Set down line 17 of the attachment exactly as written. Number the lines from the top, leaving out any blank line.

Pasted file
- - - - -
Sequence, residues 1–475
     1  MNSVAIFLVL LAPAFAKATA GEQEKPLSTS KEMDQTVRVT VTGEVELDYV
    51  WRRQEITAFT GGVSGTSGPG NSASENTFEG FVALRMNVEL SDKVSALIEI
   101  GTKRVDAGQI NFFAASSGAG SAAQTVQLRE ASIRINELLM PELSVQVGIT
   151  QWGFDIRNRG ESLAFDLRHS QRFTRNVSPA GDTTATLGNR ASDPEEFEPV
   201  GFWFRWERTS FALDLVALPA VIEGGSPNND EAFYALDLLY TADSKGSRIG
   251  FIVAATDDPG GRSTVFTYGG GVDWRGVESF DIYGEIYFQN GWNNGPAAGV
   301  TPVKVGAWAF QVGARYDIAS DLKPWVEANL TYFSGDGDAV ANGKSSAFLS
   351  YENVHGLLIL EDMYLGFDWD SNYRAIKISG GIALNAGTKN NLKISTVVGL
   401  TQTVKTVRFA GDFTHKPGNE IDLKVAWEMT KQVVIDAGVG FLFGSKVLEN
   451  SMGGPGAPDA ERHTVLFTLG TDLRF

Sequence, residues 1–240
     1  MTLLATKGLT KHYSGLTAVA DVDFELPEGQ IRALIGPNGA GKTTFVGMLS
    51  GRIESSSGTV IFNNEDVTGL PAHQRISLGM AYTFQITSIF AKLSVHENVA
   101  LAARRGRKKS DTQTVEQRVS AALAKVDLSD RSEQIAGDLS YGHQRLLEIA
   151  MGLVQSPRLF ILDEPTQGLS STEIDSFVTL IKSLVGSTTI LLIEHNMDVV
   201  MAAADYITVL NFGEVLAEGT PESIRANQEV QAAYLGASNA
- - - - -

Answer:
   201  MAAADYITVL NFGEVLAEGT PESIRANQEV QAAYLGASNA